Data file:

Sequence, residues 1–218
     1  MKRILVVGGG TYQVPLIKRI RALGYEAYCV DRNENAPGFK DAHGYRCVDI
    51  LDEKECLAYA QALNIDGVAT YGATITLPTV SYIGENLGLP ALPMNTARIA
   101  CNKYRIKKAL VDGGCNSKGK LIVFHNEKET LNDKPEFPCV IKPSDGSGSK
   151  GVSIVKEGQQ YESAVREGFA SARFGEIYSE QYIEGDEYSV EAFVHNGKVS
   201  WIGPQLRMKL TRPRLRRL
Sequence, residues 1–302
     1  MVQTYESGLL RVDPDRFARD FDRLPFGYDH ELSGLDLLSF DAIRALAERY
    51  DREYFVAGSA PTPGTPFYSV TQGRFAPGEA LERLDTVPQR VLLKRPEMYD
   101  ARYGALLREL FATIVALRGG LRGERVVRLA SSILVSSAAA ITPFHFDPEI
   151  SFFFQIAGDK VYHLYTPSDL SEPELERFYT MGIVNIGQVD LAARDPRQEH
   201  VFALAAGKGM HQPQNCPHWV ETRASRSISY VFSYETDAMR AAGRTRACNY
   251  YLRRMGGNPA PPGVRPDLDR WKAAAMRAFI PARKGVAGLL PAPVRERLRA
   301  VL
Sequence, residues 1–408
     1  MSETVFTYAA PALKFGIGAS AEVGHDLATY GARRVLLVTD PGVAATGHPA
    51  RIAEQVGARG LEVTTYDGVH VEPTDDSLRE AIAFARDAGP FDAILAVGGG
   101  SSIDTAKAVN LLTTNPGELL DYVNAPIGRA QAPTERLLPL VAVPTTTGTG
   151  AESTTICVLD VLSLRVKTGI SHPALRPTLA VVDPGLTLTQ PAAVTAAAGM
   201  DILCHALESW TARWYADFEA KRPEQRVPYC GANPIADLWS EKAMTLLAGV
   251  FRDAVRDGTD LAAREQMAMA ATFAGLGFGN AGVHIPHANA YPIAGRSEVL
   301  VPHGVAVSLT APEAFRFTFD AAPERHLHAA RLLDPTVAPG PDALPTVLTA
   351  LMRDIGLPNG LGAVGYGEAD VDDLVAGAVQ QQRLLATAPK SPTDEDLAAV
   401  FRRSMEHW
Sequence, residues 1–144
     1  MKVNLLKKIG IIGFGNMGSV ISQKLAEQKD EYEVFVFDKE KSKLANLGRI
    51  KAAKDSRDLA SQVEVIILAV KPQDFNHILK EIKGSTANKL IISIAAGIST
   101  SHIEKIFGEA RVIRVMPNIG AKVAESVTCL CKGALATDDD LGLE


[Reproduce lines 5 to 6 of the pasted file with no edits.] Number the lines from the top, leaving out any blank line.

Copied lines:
   151  GVSIVKEGQQ YESAVREGFA SARFGEIYSE QYIEGDEYSV EAFVHNGKVS
   201  WIGPQLRMKL TRPRLRRL